Environment secretary George Eustice and international trade secretary Liz Truss have written a joint letter to MPs to calm fears over an influx of lower-standard food imports from any trade deal with the US.
Eustice was portrayed as the winner of a Cabinet battle over food standards in a Telegraph story last Friday, which outlined plans to create a so-called “dual tariff” regime as part of free trade deal negotiations with the US.
The proposed regime would impose different levels of duty on imported foods – dependent on whether they complied with UK animal welfare and food manufacturing standards – the report suggested.
Such a move could also potentially open the door for imports of chlorinated chicken and other lower-standard US foods.
However, UK producers would be protected as the tariffs would in essence make it uneconomical for US producers to export their lower-standard products to the UK, the report stressed.
Meanwhile, high-quality foods, such as organically reared free-range meat, would be subject to lower tariffs in order to encourage foreign producers to lift their animal welfare standards to British levels.
The story provoked a backlash from both consumers and industry bodies, with the British Poultry Council telling The Grocer it represented the “worst of both worlds” and could threaten access to the key EU market for poultrymeat.
But in response to the article, Eustice and Truss presented a united front in their letter, by insisting the government “will not compromise on our standards”.
The government remained “firmly committed to upholding our high environmental, food safety and animal welfare standards outside the EU”, the letter said. These standards included a ban on artificial growth hormones and set out that “no products, other than potable water, are approved to decontaminate poultry carcases”.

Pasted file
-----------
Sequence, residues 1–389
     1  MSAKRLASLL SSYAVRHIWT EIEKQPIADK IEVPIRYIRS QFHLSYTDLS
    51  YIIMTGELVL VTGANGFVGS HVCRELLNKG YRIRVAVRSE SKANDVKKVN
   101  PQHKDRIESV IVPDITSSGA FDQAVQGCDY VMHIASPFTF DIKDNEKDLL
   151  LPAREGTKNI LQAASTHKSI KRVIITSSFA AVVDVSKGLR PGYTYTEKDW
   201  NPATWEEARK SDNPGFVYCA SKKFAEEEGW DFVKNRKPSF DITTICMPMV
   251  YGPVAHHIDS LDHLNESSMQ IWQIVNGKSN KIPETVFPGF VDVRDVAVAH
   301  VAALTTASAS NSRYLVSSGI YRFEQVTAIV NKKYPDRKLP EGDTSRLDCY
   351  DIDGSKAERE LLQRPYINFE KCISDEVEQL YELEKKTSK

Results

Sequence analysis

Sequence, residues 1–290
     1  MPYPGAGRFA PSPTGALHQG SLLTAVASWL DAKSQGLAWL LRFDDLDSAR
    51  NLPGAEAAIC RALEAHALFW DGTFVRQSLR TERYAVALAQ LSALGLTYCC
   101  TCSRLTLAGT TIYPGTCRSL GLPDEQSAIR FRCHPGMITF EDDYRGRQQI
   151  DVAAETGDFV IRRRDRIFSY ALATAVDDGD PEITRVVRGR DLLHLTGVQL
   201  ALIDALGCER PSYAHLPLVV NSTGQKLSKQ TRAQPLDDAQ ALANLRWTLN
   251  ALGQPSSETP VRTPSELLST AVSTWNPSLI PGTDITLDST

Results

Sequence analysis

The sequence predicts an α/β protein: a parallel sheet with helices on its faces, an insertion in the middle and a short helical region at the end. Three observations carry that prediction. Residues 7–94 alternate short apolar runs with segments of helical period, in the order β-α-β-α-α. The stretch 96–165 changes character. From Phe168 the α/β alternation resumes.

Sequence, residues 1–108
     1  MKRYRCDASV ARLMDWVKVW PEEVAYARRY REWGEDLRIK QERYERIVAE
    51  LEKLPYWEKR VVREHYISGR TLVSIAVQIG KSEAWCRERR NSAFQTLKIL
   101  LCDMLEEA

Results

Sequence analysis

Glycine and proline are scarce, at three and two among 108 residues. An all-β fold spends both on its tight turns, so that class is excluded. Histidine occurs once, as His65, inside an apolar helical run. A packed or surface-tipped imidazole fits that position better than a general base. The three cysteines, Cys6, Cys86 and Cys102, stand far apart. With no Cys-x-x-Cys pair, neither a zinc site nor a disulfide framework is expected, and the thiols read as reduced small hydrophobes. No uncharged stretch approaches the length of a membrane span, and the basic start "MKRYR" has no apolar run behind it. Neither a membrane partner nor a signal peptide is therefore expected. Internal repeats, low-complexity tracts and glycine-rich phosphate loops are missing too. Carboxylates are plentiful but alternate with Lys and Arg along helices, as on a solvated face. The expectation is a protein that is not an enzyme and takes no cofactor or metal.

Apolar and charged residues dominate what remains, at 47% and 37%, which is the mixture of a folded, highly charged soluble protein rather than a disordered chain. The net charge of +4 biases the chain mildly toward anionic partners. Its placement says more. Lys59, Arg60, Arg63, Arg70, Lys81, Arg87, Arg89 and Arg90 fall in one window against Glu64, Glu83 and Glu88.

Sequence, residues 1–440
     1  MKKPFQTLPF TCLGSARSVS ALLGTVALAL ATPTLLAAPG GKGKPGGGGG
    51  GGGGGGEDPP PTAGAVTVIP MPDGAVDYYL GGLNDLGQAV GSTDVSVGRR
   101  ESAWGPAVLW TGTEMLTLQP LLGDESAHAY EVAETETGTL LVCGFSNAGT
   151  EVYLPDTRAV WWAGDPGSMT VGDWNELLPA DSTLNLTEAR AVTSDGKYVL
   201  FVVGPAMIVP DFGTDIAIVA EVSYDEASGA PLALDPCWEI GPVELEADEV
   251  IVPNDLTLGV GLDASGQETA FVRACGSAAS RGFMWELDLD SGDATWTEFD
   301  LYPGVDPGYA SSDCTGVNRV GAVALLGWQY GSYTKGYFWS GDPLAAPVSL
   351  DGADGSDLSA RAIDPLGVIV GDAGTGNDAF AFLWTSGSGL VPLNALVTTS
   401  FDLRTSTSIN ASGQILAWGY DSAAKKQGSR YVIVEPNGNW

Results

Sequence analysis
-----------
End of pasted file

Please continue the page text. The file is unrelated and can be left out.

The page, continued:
Any change to food safety legislation would require new legislation to be brought before parliament, while decisions on standards would be made separately from any trade agreement, they insisted.
However, the assurances of Eustice and Truss were open to interpretation, suggested NFU Brexit and international trade director Nick von Westenholz, who said the focus of government standards was “on the product, and ensuring it poses no or little risk to (and in) the importing country”.
It had “little to say” about production methods in line with WTO rules, which were deemed to have no effect on the safety of the end product, he added.
“This means if we have a concern about the animal welfare or environmental impact of a certain production method, the ‘food safety’ assurances in this letter, which have been transferred into UK law, provide no safeguards,” von Westenholz said.
Parliamentary scrutiny could also be largely sidestepped if the government decided to change its position via secondary legislation, which was rarely subjected to a vote and “notoriously difficult to reject”, he added.
With many more unanswered questions over the issue, it would not be “put to bed by broad assurances and single sentences in manifestos”.
“This is why the government needs to get a grip on the issue,” he concluded. “It needs to bring experts and stakeholders together, under the auspices of a trade and standards commission, to set out the roadmap for managing the issues.”